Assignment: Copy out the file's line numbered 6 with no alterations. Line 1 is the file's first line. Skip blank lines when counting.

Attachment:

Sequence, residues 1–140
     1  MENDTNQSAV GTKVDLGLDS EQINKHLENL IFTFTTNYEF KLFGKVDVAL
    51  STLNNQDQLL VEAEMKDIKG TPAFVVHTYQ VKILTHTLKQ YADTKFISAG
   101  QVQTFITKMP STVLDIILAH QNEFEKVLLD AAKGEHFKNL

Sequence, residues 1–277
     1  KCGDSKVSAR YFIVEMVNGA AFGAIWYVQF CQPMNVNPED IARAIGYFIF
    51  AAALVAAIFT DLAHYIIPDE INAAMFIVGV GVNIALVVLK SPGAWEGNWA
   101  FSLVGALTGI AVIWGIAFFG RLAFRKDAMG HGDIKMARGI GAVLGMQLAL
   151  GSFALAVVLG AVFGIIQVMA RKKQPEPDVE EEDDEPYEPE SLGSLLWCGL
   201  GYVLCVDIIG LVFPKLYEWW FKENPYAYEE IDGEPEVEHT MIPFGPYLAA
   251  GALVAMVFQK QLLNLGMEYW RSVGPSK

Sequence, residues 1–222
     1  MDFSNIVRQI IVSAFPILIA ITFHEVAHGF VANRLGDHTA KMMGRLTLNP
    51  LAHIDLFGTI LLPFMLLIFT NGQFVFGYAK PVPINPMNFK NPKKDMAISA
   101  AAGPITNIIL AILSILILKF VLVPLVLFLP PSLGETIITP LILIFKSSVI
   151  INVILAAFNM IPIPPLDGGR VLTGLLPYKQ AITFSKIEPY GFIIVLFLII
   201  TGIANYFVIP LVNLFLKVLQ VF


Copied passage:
     1  KCGDSKVSAR YFIVEMVNGA AFGAIWYVQF CQPMNVNPED IARAIGYFIF